Yesterday, a federal appeals court ruled that President Trump's controversial immigration order, also known as the “Muslim ban”, will remain suspended for the time being, allowing those previously banned from coming to the U.S. at least another day to get here.
The decision by the U.S. Court of Appeals for the 9th Circuit preserves a lower judge's order to temporarily halt the ban - and based on a schedule the court outlined - the stop will remain in place at least until sometime Monday. The Justice Department said it would not elevate the dispute to the Supreme Court before that.
The next several days will be vital for the future of the president's executive order. The appeals court asked those challenging the ban to file written arguments by 2 a.m. Central on Monday, and Justice Department lawyers to reply by 6 p.m. CT. They could then schedule a hearing, or rule whether the ban should remain on hold.
In the meantime, people who had been stranded in legal limbo remain able to enter and exit the United States normally.
What likely lies ahead is a weeks-long legal battle that will be waged in various courtrooms across the country over whether the ban can pass legal muster. Federal courts in New York, California and elsewhere have blocked aspects of the ban from being implemented, though one federal judge in Massachusetts declared he did not think challengers had demonstrated they had a high likelihood of success. The lawsuits now appear trough out the country, and the number seems to grow daily.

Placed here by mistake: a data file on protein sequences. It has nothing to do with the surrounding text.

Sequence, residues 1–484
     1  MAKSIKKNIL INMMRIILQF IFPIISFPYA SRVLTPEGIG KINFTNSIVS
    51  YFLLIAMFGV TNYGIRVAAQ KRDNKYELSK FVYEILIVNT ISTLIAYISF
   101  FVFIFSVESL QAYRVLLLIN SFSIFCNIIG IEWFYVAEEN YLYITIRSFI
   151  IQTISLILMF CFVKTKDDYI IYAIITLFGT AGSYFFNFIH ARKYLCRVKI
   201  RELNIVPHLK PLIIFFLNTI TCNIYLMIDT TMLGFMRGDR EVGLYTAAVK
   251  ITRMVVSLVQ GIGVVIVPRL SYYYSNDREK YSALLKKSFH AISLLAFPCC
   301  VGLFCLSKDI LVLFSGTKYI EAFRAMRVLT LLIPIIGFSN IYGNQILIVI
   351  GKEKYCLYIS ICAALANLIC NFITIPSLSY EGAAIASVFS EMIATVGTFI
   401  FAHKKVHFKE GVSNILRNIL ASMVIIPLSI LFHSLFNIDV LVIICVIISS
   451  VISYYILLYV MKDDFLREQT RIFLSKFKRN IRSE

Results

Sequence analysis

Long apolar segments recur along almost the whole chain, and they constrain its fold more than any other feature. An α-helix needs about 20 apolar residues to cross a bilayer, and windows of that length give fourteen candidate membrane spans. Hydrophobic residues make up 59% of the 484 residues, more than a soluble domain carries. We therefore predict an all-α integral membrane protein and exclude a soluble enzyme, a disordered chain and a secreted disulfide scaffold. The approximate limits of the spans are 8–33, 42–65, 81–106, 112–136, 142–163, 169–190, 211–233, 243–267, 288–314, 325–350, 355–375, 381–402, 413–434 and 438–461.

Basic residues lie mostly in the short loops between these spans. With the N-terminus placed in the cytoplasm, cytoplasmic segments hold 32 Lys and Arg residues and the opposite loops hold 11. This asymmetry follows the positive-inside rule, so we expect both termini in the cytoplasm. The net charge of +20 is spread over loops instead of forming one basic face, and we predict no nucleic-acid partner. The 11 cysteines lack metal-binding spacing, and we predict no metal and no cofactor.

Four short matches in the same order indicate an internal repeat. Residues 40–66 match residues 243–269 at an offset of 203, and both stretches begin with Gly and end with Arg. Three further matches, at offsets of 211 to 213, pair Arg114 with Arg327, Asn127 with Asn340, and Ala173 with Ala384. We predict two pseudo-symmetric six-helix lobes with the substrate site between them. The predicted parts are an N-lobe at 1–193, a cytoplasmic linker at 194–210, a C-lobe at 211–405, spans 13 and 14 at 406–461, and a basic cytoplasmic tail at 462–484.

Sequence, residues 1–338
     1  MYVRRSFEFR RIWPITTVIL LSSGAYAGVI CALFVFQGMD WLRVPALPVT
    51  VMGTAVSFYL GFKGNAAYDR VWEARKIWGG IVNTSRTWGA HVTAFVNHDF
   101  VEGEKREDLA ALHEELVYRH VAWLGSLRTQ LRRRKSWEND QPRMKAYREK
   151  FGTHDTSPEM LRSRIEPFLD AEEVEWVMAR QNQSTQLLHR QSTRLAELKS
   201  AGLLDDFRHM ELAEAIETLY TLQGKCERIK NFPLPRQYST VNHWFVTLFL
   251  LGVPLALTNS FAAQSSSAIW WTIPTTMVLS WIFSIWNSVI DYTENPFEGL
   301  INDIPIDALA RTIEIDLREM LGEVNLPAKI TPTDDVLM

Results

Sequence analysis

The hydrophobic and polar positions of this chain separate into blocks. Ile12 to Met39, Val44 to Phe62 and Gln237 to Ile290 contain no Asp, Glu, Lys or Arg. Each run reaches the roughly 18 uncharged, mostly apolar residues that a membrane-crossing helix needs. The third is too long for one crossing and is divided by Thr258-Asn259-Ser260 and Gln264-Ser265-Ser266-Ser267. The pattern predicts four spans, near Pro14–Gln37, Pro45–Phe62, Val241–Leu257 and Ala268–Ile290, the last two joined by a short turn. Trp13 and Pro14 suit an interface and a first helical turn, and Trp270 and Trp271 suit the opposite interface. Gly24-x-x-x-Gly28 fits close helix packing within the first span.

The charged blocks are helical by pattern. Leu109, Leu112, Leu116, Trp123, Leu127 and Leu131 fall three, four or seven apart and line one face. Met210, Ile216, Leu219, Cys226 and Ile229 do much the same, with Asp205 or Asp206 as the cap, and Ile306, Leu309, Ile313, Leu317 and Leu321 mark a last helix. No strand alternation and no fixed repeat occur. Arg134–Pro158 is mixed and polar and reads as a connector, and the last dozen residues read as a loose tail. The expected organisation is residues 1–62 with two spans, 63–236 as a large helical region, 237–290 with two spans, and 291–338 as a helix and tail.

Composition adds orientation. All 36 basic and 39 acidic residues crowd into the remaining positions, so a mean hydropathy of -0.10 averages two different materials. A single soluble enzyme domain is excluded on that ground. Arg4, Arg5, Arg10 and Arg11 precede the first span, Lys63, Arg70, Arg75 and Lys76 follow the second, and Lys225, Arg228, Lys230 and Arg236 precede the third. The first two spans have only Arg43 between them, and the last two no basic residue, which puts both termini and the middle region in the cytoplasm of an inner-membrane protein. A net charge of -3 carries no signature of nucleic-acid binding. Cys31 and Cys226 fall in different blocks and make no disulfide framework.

Several federal judges have ruled against the administration on its implementation of the ban, though the case now before the 9th Circuit is perhaps the most significant one. It stems from a lawsuit brought by the states of Washington and Minnesota, which alleged the immigration order was "separating families, harming thousands of the States' residents, damaging the States' economies, hurting State-based companies, and undermining both States' sovereign interest in remaining a welcoming place for immigrants and refugees."
In that case, responding to those arguments, US District Court Judge James Robart (GW Bush appointee) temporarily halted the ban on Friday. Then 9th Circuit Judges William C. Canby Jr., who was appointed by Jimmy Carter, and Michelle Taryn Friedland, who was appointed by Barack Obama, denied the Justice Department's request on Sunday to immediately restore it.
The Justice Department could have gone straight to the Supreme Court, but a Justice Department spokesman said it would not do so.
While the losing side may still request intervention from the Supreme Court, it would take the votes of five justices to overturn the panel decision. The court has been shorthanded since the death of Justice Antonin Scalia nearly a year ago, and it is ideologically divided between four liberal and four conservative members.